CVC Highlight: Your toolbox for troublesome toxicoses in cats


CVC Highlight: Your toolbox for troublesome toxicoses in cats

For cats, just a little snack in the garden—or the inappropriate treatment of common ailments by well-meaning owners—can result in an emergency situation.
Dec 01, 2011

Dr. Kristy L. Dowers
Cats are a little more finicky than dogs about what they will ingest. But their unique metabolism of xenobiotics makes them particularly sensitive to some substances. In other words, they are not small people or dogs. Here are some toxic substances to watch out for in your feline patients, as well as a quick review of feline metabolism.


We know they're different, but why?

Xenobiotics pass through two phases in the liver during metabolism. Phase one involves oxidation, reduction, and hydrolysis, and phase two involves conjugation. For most species, this means mostly glucuronidation. However, for cats, which have limited glucuronidation capabilities, this phase is accomplished mostly through sulfation. This difference in liver metabolism means that substances that are safe in other species can be deadly in cats and that the toxic dose of many substances may be much lower in this species.


"But I just gave him half of a pill because he wouldn't eat!"

Owners may take it upon themselves to treat their cats' pain or discomfort and will often reach for medications such as acetaminophen formulated for infants or children. This can be a deadly mistake. Just over 10 mg/kg acetaminophen can result in toxicosis and death in cats. The infant's suspension of most acetaminophen formulas contains 100 mg/ml acetaminophen, and most children's suspensions contain 32 mg/ml.

Acetaminophen can produce both hepatotoxicosis and hematotoxicosis in cats. Most acetaminophen ingested is conjugated by sulfation and glucuronidation to form inactive metabolites. However, a small amount of the metabolite N-acetyl-p-benzoquinone imine (NAPQI) is produced and then conjugated with glutathione to an inactive product. In cats, glutathione stores can be quickly depleted, resulting in an accumulation of NAPQI. This metabolite is highly reactive and can cause hepatocellular damage.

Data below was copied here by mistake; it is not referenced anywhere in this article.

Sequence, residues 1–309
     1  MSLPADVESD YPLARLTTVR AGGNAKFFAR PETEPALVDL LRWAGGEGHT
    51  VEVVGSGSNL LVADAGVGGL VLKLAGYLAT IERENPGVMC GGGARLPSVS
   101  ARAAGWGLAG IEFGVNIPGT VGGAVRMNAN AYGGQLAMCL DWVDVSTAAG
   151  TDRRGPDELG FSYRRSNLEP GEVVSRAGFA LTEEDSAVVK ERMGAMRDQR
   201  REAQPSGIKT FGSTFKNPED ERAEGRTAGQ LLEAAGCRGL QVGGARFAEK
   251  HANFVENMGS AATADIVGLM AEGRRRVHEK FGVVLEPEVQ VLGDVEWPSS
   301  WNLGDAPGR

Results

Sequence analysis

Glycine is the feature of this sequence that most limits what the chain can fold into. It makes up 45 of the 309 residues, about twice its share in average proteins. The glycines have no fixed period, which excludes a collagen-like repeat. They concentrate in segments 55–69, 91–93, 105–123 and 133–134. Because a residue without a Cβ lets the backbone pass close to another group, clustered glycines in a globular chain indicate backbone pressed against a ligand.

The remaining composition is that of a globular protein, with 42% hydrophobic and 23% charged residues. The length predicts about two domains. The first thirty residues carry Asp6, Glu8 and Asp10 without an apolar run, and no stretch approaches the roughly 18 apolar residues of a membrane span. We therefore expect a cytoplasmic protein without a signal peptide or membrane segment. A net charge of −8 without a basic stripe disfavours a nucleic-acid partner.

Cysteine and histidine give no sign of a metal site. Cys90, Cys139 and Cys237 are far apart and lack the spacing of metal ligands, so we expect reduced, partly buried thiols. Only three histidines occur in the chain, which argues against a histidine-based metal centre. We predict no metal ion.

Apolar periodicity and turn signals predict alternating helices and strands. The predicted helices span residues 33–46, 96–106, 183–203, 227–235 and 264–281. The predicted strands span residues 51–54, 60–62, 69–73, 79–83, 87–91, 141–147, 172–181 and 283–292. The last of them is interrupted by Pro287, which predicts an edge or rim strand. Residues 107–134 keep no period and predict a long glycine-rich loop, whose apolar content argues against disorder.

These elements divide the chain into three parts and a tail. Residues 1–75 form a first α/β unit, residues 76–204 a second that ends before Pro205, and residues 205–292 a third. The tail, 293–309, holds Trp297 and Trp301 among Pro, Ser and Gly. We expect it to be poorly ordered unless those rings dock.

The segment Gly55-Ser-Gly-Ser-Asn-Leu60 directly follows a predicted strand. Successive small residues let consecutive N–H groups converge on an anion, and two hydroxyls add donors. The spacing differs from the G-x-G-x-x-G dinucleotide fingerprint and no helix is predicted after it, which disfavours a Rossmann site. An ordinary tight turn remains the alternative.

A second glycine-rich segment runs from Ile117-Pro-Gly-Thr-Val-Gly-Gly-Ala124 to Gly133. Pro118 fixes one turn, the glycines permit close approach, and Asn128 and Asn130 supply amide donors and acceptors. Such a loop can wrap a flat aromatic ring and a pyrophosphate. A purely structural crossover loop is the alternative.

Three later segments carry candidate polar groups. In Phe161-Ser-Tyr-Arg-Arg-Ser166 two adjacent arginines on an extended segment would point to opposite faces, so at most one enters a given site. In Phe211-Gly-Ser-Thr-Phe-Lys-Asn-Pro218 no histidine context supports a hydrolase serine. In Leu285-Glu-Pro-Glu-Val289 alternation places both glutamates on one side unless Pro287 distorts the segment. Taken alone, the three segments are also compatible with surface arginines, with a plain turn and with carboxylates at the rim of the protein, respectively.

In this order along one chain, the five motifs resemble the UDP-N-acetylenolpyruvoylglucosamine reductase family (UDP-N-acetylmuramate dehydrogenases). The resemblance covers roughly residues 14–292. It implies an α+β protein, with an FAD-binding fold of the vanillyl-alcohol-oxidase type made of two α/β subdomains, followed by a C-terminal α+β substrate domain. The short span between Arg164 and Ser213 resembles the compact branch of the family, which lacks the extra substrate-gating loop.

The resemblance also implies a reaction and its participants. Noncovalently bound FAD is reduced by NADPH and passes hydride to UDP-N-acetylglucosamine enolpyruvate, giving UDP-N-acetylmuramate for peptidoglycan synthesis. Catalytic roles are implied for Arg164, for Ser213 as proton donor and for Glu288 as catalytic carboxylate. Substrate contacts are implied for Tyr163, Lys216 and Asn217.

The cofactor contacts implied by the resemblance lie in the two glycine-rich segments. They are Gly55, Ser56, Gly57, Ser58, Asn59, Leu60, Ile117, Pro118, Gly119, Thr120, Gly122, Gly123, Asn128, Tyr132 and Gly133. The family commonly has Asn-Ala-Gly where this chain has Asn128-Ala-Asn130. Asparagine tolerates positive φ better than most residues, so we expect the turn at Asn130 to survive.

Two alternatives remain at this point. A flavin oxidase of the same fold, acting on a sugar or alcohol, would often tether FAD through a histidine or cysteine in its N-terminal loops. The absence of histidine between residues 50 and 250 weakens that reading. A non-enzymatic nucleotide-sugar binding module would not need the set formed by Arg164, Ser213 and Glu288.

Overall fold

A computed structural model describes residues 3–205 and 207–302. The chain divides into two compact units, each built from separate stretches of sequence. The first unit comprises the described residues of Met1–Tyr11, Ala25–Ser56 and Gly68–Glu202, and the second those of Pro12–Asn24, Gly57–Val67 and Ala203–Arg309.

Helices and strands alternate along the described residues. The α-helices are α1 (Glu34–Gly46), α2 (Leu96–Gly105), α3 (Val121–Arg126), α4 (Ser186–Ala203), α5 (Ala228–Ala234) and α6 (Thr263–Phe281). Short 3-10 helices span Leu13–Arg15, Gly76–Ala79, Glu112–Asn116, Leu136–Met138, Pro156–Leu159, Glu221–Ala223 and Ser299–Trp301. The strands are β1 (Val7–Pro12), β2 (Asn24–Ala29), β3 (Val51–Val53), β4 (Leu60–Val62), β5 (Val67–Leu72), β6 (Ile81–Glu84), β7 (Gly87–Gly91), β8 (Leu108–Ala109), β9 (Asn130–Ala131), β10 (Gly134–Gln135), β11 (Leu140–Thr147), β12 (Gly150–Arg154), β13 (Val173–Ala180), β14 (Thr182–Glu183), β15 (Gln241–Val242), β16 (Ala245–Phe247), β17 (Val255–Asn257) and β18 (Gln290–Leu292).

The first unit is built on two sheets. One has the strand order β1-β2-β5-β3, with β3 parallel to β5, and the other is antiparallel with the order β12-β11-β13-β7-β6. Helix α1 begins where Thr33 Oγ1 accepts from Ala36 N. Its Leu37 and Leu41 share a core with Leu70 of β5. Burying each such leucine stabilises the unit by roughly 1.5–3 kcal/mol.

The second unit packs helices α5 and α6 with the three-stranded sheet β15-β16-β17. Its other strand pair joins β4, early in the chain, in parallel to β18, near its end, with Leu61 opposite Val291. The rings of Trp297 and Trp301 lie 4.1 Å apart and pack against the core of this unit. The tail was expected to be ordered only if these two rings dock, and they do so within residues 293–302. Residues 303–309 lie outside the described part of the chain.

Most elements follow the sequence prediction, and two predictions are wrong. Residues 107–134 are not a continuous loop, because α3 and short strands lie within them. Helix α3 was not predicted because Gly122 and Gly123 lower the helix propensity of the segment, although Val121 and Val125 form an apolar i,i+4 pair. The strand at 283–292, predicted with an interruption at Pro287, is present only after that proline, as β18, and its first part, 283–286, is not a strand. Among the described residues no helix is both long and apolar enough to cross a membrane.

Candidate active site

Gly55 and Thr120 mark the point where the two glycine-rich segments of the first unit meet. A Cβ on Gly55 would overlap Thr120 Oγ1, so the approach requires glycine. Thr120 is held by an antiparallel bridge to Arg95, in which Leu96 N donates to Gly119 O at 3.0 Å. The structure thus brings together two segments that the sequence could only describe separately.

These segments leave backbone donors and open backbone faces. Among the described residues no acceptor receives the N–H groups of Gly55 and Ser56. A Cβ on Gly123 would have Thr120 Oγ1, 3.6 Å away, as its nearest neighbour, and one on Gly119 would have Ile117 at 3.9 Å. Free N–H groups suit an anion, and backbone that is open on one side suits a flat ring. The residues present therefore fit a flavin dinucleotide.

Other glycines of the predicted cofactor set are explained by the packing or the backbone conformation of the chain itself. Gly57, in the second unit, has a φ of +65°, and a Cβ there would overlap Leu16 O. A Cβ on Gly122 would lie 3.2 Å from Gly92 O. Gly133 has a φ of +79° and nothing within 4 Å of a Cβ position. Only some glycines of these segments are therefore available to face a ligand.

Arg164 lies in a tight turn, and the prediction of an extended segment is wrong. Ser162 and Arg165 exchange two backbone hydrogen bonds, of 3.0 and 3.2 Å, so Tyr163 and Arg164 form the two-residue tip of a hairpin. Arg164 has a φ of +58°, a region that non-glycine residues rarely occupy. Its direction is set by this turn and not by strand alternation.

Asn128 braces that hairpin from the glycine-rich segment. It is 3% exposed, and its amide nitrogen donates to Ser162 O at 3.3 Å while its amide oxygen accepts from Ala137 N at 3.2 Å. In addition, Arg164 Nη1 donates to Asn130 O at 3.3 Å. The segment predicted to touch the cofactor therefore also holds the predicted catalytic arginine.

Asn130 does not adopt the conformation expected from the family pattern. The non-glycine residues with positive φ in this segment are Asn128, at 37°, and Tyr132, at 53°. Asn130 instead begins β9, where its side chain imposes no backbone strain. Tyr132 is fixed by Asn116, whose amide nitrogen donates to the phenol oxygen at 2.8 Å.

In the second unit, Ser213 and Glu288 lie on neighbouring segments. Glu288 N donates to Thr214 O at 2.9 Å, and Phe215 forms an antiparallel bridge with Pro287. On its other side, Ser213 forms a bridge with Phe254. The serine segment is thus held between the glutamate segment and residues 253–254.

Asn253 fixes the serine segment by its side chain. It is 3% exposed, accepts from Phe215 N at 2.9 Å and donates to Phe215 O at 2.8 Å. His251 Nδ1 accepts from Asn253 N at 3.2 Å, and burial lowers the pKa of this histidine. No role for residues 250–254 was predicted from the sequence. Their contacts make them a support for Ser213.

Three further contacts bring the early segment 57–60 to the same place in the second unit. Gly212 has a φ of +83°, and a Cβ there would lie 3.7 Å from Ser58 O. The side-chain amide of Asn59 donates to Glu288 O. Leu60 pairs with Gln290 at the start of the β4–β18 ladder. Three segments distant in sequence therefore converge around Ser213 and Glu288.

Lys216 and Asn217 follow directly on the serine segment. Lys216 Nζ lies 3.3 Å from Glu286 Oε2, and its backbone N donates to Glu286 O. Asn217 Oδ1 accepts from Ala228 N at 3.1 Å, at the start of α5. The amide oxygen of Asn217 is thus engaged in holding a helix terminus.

A unique feature to this toxicosis in cats (and to a lesser degree in dogs) is the development of methemoglobinemia, which is thought to be caused by another metabolite, para-aminophenol (PAP), also conjugated with glutathione to an inactive product. The enzyme required for these conjugations is deficient in both cats and dogs, resulting in hematotoxicosis.

Clinical signs

  • Tachypnea
  • Pale to muddy (cyanotic) mucous membranes
  • Hypothermia
  • Tachycardia
  • Edema of the face and extremities
  • Central nervous system depression
  • Anorexia
  • Vomiting
  • Salivation
  • Diarrhea
  • Coma
  • Death


  • Clinical signs and history
  • Complete blood count: Heinz body anemia, with or without reticulocytosis, methemoglobin > 15% (a drop of blood on a white paper towel will appear brown)
  • Serum chemistry profile: increased liver enzyme activities
  • Urinalysis: hemoglobinuria


  • Restore oxygenation by providing supplemental oxygen.
  • Administer 5% solution of N-acetylcystine orally or intravenously—loading dose of 140 mg/kg and then 70 mg/kg every four hours for three to five treatments.
  • Administer 30 mg/kg ascorbic acid (intravenously if giving activated charcoal) three or four times daily.
  • Administer 180 mg S-adenosylmethionine orally twice daily for three days and then 90 mg twice daily for 14 days.
  • Do not use methylene blue to treat methemoglobinemia as it has caused Heinz body anemia in cats.